The Annual Fast
I’m midway through the annual Fast for Baha’is — no food or drink from sunrise to sunset for 19 days, ending with our “new year” on the first day of spring.
Every year I learn something different from this experience, and this time I am thinking about the source of my energy in the absence of food or drink.
The rest of the year, when I need an energy boost I have lots to choose from. Sometimes even just a glass of water gives me what I need. What I now realize is that — without eating or drinking —my energy comes through my attitude. I am learning to be detached and content, allowing those qualities to be the key to what we might label “spiritual energy” or “happiness.”
What makes a person happy? Well, some people are happy when they are working; others when they are relaxing. Some are enriched through music and the arts; others through family gatherings. Some enjoy museums and galleries; others thrive best in nature. Some like to be surrounded by people; others seek solitude. The variations are endless.
At least one source of happiness that most of us share is being useful and having daily purpose. Even people not blessed with pleasant jobs can recognize within their job the opportunity to learn and grow, to strive for excellence, to earn the material means to support themselves. Of course there are many other ways we spend our days, but regardless of what we do, our thoughts can be infused with vigour and we can be energized by them.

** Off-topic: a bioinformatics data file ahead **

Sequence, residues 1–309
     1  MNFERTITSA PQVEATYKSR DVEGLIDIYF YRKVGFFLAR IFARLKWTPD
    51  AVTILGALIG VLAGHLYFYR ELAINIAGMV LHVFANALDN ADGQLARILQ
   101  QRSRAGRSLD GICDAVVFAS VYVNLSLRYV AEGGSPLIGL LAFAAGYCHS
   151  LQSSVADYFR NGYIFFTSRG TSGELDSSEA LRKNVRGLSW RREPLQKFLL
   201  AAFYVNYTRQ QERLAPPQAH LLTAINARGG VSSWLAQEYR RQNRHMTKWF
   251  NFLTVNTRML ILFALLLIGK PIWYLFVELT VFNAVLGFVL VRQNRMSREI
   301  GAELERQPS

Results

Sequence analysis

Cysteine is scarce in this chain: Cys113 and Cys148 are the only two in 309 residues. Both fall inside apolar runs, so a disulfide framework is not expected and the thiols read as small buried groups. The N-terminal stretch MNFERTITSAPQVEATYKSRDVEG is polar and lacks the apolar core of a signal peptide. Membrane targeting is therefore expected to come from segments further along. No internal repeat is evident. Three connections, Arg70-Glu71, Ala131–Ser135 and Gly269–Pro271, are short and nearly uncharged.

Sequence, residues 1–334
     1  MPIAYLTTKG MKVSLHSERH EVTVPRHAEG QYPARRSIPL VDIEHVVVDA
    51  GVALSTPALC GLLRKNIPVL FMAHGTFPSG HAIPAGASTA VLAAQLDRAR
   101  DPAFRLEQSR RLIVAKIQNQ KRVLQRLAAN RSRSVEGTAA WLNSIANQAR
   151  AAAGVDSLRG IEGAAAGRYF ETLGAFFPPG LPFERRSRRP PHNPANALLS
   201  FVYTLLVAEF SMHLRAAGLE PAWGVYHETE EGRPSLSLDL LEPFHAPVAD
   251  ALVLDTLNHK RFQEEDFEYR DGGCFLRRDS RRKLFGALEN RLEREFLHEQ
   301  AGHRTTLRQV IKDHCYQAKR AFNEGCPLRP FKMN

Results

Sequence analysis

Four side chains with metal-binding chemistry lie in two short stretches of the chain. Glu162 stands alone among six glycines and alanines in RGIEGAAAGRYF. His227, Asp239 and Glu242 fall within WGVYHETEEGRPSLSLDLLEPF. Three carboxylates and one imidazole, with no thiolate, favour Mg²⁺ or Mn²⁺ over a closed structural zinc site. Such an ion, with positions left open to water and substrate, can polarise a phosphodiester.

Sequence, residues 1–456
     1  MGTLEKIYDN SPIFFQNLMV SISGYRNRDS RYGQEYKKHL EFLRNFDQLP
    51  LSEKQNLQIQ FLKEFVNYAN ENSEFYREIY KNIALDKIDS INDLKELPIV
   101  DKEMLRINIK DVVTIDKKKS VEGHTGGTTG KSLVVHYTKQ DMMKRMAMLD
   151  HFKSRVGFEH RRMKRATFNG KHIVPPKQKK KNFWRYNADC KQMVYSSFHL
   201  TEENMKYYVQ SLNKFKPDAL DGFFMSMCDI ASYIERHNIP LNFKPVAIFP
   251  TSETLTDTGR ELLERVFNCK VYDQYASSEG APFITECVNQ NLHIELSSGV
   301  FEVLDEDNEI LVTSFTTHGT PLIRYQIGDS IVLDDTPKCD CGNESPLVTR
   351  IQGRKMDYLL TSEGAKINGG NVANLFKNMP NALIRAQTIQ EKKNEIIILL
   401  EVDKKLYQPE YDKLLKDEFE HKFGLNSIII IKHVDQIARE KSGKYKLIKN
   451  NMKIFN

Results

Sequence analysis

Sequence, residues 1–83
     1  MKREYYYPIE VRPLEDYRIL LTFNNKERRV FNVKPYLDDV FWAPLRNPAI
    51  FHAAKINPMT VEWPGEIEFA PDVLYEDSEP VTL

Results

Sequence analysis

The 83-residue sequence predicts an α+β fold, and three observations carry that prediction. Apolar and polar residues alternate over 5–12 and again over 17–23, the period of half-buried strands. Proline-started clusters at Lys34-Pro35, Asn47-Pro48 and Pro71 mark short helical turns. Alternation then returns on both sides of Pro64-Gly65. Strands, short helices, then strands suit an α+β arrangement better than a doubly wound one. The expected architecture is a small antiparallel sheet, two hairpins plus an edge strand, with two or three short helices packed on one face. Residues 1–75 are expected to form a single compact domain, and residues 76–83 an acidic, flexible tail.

Service to others brings happiness. The service might be on a large or a small scale, alone or with others, planned or spontaneous. I have found that the more unexpected the better, since it is such a delight and surprise to others.
Surely love is the universal source of happiness. Despite the word itself having been romanticized to the point of sounding trite or even corny, love warms our hearts and guides our highest deeds. Beyond love for family and friends, it extends to our planet itself and its creatures. As such it is both animating and motivating.
However and wherever each of us finds our own happiness, we are drawn to its source, much like a magnetic field. `Abdu'l-Bahá recognized this tendency in saying: “When a man has found the joy of life in one place, he returns to that same spot to find more joy. . . . This shows the internal force and natural instinct which God has given to man, and the power of vital energy which is born in him.”
We know that there is a connection between our minds and our bodies. When one of them feels droopy then so does the other. To a great extent though, since the mind rules the body, we can willfully overcome this. So I return to the idea of fueling ourselves through our attitude, with happiness as a source of energy.
I can’t buy happiness at the local grocery nor find it in a capsule at the pharmacy. But if I want to, I can create it for myself. And a daily dose is all that is required to energize me.
Submitted to Ayr News by Jaellayna Palmer, March 2018
© Jaellayna Palmer 2018